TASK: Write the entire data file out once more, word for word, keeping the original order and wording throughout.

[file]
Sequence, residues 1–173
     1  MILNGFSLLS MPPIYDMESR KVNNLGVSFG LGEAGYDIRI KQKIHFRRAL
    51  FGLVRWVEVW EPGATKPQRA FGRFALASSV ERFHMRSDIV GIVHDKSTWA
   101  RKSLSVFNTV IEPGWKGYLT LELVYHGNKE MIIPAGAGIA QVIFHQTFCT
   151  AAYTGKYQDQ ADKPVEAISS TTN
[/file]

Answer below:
Sequence, residues 1–173
     1  MILNGFSLLS MPPIYDMESR KVNNLGVSFG LGEAGYDIRI KQKIHFRRAL
    51  FGLVRWVEVW EPGATKPQRA FGRFALASSV ERFHMRSDIV GIVHDKSTWA
   101  RKSLSVFNTV IEPGWKGYLT LELVYHGNKE MIIPAGAGIA QVIFHQTFCT
   151  AAYTGKYQDQ ADKPVEAISS TTN